DNA analysis says they are Asian bears • Bioscholar News



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T The Yeti or Abominable Snowman, a mysterious monkey-like creature that inhabits the high mountains of Asia, occupies a prominent place in the mythology of Nepal and Tibet.

Sightings have been reported for centuries. Footprints have been seen. The stories have been pbaded down from generation to generation.

Now, a new DNA study of alleged Yeti samples from museums and private collections is providing insight into the origins of this Himalayan legend.

Research published in Proceedings of the Royal Society B badyzed nine "Yeti" specimens, which included samples of bones, teeth, skin, hair and feces collected in the Himalayas and the Tibetan Plateau. Of those, one turned out to be from a dog. The other eight were from Asian bears, one from an Asian black bear, one from a brown bear from the Himalayas and the other six from brown Tibetan bears.

Brown bear of the Himalayas of the Deosai National Park, Pakistan. A new study links the DNA of putative Yetis with Asian bears, including the brown bears of the Himalayas. The research was led by biologist Charlotte Lindqvist, an expert in the evolution of bears.
Credit: Abdullah Khan, Snow Leopard Foundation.

"Our findings strongly suggest that the biological foundations of the Yeti legend can be found in local bears, and our study demonstrates that genetics should be able to unravel other similar mysteries," says lead scientist Charlotte Lindqvist, PhD, Associate Professor of Life Sciences at the University of Buffalo School of Arts and Sciences.

Lindqvist's team is not the first to investigate "Yeti" DNA, but previous projects performed simpler genetic badyzes, leaving important issues unresolved, he says.

"This study represents the most rigorous badysis to date of samples suspected of being anomalous or mythical" hominin-like creatures ", Lindqvist and his co-authors write in their new document.

Lindqvist says that science can be a Useful tool to explore the roots of myths about large and mysterious creatures.

Notes that in Africa, the long-standing Western legend of an "African unicorn" was explained at the beginning of the 20th century by British researchers, who found and described the flesh and bone okapi, a relative giraffe that looks like a mix between that animal and a zebra and a horse.

And in Australia, where people and large animals may have coexisted thousands of years ago, some scholars have speculated about references to huge animal-like creatures in Australian aborigines.The mythology "Dreamtime" may have arisen from ancient encounters with the megafauna or its remains, known today as the fossil record of Australia.

But although those connections are uncertain, Lindqvist's work, like the discovery of the okapi, is straightforward: "Clearly, a large part of the Yeti legend has to do with bears," he says.

She and her colleagues investigated samples such as a piece of skin on the hand or the claw of a "Y". eti "- part of a monastic relic – and a femur fragment of a decayed" Yeti "found in a cave on the Tibetan plateau.The skin sample turned out to be of an Asian black bear and the bone of a Tibetan brown bear. 19659003] The "Yeti" samples that Lindqvist examined were provided to him by the British production company Icon Films, which presented it at the 2016 Special Animal Planet "YETI OR NOT", which explored the origins of the legendary being.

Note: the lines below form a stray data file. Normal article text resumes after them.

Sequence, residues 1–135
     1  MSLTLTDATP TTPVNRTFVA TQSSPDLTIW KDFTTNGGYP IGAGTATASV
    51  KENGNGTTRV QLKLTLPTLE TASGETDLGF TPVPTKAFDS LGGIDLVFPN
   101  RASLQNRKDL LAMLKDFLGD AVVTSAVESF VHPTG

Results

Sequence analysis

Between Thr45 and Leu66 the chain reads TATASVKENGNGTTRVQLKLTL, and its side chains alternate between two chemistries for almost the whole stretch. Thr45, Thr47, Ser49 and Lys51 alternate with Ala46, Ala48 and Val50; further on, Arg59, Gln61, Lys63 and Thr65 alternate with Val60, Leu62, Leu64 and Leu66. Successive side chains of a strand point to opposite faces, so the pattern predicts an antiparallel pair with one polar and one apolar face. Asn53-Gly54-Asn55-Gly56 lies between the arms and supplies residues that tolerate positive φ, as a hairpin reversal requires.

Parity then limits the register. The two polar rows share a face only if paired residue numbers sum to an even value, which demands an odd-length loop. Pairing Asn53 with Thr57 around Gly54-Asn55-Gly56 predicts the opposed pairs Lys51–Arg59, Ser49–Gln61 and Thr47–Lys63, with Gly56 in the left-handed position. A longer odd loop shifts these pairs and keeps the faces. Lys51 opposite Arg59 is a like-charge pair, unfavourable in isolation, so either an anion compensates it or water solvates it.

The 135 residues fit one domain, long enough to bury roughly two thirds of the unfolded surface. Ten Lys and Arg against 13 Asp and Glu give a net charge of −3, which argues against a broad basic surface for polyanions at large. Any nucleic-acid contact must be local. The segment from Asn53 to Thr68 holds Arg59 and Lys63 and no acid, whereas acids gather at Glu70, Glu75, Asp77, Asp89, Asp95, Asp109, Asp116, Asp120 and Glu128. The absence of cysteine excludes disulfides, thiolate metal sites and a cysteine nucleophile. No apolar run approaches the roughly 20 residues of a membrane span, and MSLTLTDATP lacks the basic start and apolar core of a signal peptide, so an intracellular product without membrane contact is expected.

Solving a mystery Scientist, too: How enigmatic bears evolved

In addition to tracing the origins of the Yeti legend, Lindqvist's work is discovering information about the evolutionary history of Asian bears.

"Bears in this region are vulnerable or critically threatened from a conservation perspective, but not much is known about its past history, "he says." The brown bears of the Himalayas, for example, are in grave danger of extinction. Clarification of population structure and genetic diversity can help estimate population size and develop management strategies. "

Scientists sequenced the mitochondrial DNA of 23 Asian bears (including the supposed Yetis) and compared these genetic data with those of other bears around the world.

This badysis showed that, although Tibetan brown bears share a common ancestor with their North American and Eurasian relatives, the brown bears of the Himalayas belong to a different evolutionary lineage that diverged at the beginning of all the other brown bears.

The division occurred approximately 650,000 years ago, during a period of glaciation, according to the scientists The moment suggests that the expansion of the glaciers and the mountainous geography of the region may have separated the bears from the Himalayas of others, leading to a prolonged period of isolation and an independent evolutionary path. [19659003] "More genetic research on these rare and elusive animals helps illuminate the environmental history of the region, as well as having an evolutionary history around the world, and additional samples of & # 39; Yeti & # 39; could contribute to this work, "says Lindqvist.

Reference

Lan T, Gill S, Bellemain E, Bischof R, Nawaz MA, Lindqvist C. Evolutionary history of enigmatic bears in the region of The Tibetan-Himalayan Plateau and the Yeti Identity Proc Biol Sci. 2017 December 13; 284 (1868) pii: 20171804. doi: 10.1098 / rspb.2017.1804 PubMed PMID: 29187630.

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